The tournament has retained its pro-am format, and amateurs will play the first three days, with the final round for professionals only.
 
It was reduced from 90 to 72 holes to attract and accommodate players competing in the World Golf Championships-American Express Championship, which was held last week in Kilkenny, Ireland.
 
Eleven players are making the lengthy plane trip, including defending champion Stuart Appleby, three-time champion Furyk and local favorite Chris Riley. Phil Mickelson, the 2000 runner-up, is also scheduled to compete.
 
Mickelson skipped the AmEx due to personal reasons. This is just his second start since the WGC-NEC in late August. He tied for 57th at the Bell Canadian Open, where he used his Callaway equipment for the first time. He then went 1-3-0 in the Ryder Cup.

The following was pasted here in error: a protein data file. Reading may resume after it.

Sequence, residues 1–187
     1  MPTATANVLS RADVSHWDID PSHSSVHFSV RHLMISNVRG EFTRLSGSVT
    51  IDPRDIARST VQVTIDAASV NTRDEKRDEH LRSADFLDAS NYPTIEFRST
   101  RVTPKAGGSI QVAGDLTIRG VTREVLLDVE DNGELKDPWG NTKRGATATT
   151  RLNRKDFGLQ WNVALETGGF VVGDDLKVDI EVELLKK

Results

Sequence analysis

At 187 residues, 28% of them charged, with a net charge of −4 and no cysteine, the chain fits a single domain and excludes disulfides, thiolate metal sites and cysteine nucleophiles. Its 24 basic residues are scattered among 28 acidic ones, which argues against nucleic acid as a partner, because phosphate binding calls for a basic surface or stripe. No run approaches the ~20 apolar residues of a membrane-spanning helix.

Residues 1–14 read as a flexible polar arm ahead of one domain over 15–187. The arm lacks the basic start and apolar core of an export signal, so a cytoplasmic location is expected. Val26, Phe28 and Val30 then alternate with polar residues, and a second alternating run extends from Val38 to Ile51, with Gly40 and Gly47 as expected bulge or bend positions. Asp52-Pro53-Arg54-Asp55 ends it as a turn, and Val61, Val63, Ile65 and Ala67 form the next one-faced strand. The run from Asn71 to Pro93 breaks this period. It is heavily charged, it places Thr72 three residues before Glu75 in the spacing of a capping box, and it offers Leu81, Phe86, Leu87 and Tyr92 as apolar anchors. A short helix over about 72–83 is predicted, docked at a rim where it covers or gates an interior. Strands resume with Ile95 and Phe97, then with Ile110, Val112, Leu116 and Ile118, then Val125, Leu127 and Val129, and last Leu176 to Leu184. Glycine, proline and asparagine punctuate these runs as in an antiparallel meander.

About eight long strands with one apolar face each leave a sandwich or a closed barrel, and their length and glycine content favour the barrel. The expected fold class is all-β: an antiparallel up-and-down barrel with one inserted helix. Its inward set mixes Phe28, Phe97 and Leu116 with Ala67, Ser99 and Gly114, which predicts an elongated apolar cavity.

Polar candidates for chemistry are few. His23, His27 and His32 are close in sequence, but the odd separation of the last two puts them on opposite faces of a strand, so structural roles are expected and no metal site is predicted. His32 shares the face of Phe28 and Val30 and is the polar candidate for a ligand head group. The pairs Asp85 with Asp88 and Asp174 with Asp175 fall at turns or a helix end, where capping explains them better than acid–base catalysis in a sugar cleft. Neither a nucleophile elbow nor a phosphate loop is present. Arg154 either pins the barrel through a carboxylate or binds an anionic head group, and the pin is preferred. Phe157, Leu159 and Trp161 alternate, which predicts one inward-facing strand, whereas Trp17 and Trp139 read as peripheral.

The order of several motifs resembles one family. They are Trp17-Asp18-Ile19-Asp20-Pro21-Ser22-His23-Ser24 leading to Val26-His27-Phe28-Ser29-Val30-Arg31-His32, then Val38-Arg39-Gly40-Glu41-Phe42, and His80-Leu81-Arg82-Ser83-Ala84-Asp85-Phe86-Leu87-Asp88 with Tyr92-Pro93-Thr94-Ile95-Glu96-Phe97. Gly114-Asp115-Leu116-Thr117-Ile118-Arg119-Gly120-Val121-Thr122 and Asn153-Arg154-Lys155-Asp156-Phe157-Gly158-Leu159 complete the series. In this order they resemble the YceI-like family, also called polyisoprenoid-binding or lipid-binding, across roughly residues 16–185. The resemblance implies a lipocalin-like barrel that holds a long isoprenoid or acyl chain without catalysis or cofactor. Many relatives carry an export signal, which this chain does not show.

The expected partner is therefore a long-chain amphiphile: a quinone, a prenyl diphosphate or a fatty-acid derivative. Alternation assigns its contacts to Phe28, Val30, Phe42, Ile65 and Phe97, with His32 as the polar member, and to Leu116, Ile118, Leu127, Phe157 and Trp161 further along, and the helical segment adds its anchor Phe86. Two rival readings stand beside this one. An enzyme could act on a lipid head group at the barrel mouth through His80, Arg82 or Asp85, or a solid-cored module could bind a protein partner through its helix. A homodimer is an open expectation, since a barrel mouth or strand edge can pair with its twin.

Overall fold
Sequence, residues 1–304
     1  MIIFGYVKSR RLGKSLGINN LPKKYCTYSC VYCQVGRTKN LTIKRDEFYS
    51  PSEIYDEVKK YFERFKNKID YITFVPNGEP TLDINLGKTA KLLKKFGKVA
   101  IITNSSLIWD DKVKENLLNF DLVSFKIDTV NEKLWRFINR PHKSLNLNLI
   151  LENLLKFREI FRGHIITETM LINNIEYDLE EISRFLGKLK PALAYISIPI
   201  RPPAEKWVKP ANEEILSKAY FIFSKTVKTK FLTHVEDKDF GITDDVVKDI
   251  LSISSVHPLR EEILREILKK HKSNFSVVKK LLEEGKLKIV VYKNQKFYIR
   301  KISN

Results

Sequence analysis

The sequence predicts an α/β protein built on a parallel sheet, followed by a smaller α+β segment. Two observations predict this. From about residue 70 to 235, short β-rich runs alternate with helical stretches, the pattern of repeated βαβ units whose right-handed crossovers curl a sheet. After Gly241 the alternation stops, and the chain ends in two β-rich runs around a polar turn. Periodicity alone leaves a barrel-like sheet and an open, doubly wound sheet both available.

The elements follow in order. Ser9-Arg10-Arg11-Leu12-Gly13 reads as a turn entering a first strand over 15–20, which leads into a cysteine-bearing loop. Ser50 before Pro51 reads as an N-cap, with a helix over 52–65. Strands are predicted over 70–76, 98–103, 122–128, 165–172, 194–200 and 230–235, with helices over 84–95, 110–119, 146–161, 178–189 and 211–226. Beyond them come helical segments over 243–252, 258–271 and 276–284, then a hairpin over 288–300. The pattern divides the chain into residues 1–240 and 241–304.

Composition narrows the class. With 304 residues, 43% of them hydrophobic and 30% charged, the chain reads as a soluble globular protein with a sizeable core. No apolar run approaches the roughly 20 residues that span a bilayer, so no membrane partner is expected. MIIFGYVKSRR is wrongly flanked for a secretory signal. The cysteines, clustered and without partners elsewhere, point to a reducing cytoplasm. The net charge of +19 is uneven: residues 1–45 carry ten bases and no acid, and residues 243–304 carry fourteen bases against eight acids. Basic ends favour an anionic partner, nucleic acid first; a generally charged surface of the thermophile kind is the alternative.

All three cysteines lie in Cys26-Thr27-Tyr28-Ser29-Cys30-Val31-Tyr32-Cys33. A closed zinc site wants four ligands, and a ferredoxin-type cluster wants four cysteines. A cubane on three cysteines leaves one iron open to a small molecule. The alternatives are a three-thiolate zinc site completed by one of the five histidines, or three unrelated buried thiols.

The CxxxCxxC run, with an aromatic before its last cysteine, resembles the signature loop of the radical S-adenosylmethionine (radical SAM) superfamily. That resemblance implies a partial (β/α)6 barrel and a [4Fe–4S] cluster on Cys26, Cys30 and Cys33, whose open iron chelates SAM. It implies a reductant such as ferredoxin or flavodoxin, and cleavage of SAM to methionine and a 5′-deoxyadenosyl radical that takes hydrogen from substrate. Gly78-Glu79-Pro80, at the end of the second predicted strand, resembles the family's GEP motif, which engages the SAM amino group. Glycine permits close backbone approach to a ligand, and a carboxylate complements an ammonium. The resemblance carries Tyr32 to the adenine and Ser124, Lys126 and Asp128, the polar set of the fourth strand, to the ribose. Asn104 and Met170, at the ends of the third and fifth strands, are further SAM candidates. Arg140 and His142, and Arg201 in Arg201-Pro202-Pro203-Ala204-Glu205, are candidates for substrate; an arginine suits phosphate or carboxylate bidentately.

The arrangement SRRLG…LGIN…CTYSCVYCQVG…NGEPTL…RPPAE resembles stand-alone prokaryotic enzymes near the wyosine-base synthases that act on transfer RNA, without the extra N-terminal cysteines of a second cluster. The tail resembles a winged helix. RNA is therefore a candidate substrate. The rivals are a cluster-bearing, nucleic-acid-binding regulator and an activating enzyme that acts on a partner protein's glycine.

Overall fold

Appleby would dearly love to find the form he had a year ago at this time. He had two runner-up finishes leading up to his Vegas victory, and then won the season-opening Mercedes Championships. He also had a third-place finish at the Nissan Open in February and led through three rounds of the Bay Hill Invitational in March, before shooting 76 on Sunday to finish second.
 
Appleby has only two top-10s, however, in his 15 starts since his Bay Hill collapse.
 
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    Storms halt Barbasol before Lincicome tees off

    By Associated PressJuly 20, 2018, 11:29 pm

    NICHOLASVILLE, Ky. - Brittany Lincicome will have to wait until the weekend to resume her bid to make the cut in a PGA Tour event.

    Overnight storms delayed the start of the second round Friday in the Barbasol Championship, and an afternoon thunderstorm suspended competition for good. The round will resume Saturday morning with much of the field still to play.

    The second stoppage at Champions Trace at Keene Trace Golf Club came 20 minutes before Lincicome's scheduled tee time.

    Lincicome was near the bottom of the field after opening with a 6-over 78 on Thursday. The first LPGA player since Michelle Wie in 2008 to start a PGA Tour event, she needs a huge rebound to join Babe Zaharias (1945) as the only female players to make the cut.